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Coding, it's really just a game

Coding is a very versatile talent to have in the STEM Workforce. If you think about it, coding is all around you. It’s in computer chips, televisions, robots, vehicle software, and even in multi-mode flashlights. Coding is a very powerful tool that can be used everywhere these days, and depending on how you are taught, it may not be as hard to learn as you might think. Now, before you step into learning complex computer language, you may want to start by interacting with retro video games. Coding and video games have a correlation, inputs and outputs. If you observe retro video games closely, you will notice that you can get an idea of what their code might be. This can be easily seen in the 1980’s space arcade game, Galaga. In this game, you move a joystick right or left to avoid enemy attacks while trying to shoot them down before they destroy your spaceship. The code for this game states that when the input from your joystick moves right, the output is that your spaceship on the screen moves right. In addition, when the input from the fire button on the controls is pressed, the output is seen as a missile flying out of your spaceship that disappears if it touches an enemy target on the screen. Playing simple, retro arcade games like this can help you take the first steps in understanding the basic process of coding.

Once you have spent a good number of hours playing retro video games, you should instinctively be ready to visualize the process of computer coding as inputs and outputs. Once you understand inputs and outputs, you are ready to learn how to code. The best way to begin programming code is through the use of blocks of code. There are many different programs that allow you to use these blocks of code; one such program is called Hopscotch. This is a mobile app that uses very simple blocks of code so that almost anyone can learn the basics. These blocks are basically lines of code that are grouped together so that you can just drop them into place in order to create simple program instructions. Blocks of code are there to help you understand the order of instructions for programming. Once you have gotten the hang of blocks of code, you can then start learning the complexity of computer language. This might look perplexing at first, but since you already know the order of instructions as defined by the blocks, you can start to see how the lines of code work together to form commands.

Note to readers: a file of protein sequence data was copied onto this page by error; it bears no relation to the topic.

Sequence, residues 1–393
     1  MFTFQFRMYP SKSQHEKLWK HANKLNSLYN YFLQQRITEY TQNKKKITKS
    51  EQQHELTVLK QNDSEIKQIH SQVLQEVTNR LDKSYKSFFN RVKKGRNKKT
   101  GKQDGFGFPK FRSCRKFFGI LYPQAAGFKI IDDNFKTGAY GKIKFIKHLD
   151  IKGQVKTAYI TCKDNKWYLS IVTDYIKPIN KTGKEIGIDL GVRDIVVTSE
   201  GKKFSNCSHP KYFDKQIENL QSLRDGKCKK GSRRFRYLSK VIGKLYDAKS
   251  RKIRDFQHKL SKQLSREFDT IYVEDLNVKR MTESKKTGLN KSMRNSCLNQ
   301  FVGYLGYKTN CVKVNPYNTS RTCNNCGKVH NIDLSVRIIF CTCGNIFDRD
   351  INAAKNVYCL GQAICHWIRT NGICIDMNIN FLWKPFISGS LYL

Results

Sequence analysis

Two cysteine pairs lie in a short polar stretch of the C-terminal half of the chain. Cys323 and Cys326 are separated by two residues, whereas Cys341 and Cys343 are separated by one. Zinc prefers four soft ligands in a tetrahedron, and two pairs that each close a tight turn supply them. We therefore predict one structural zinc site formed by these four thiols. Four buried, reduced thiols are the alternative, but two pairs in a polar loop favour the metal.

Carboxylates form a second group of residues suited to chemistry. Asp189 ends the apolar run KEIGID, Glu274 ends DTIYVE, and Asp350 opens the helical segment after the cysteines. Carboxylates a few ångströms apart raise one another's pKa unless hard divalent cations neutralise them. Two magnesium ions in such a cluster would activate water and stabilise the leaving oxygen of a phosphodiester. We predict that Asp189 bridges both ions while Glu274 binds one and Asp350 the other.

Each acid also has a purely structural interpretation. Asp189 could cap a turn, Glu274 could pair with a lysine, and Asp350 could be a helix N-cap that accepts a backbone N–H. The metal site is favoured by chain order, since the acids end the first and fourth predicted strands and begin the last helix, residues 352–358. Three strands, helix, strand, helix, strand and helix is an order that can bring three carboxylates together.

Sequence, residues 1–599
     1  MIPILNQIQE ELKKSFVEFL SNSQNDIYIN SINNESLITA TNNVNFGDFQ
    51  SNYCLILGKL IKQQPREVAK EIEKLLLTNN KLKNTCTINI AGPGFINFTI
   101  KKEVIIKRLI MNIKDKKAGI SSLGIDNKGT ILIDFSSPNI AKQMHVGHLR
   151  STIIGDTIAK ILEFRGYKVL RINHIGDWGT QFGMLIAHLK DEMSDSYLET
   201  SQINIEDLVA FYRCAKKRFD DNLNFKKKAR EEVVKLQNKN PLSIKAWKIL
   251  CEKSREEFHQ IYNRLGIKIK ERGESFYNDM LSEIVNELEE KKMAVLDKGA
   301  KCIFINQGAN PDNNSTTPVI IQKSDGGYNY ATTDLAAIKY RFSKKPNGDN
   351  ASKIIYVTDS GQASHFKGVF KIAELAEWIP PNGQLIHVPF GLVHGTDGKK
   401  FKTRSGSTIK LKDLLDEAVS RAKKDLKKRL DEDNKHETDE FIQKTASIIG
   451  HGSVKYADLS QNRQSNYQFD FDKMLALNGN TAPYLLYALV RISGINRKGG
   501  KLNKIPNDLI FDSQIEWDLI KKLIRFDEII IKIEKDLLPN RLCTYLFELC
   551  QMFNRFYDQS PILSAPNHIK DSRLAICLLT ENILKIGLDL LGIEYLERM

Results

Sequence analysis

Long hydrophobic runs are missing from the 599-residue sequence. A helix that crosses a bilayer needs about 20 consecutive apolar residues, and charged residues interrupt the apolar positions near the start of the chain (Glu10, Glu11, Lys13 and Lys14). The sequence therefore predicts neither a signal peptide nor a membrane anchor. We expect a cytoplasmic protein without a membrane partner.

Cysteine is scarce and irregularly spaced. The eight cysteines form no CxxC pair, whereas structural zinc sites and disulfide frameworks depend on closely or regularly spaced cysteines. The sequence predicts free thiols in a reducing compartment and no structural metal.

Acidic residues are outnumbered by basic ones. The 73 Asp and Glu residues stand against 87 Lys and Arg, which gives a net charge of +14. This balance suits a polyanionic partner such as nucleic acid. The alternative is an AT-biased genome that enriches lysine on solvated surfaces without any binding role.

When programming commands, video games illustrate the process best. Since you are looking at a picture on a screen in a defined space, you can see the immediate effects of inputed instructions. In 2D video games like the popular arcade game Pac-Man, there are only 2 axes, one X and one Y. Learning the 2D movements in a video game is similar to using graph paper in a geometry class to draw a picture. If you plot a point at x=3, y=7, you will count 3 spaces to the right and 7 spaces up on your page to plot your point. If you want that point to move, then you plot different coordinates. The same applies in the code of 2D games. Now if you add another piece of graph paper and stand it up on top of the flat piece of graph paper, you now have another plane and that’s your Z axis. You can now plot points in 3D. The same rules apply to programming movements in 3D computer spaces. With that said, virtual and augmented reality offer games that exist in your off-the-screen 3D space. This coding can get even more complicated, but in general, the mathematics and order of operations all stay the same. In conclusion, the basic building blocks of computer language are codes, and using video games as an example of coding in action, you may be able to better understand how it all works. It makes sense that video games are an excellent way to learn coding seeing that the co-founders of Apple computers previously worked for the video game company, Atari, where they invented the hit game, Breakout, in the 1970s. Looks like coding isn’t all work and no play.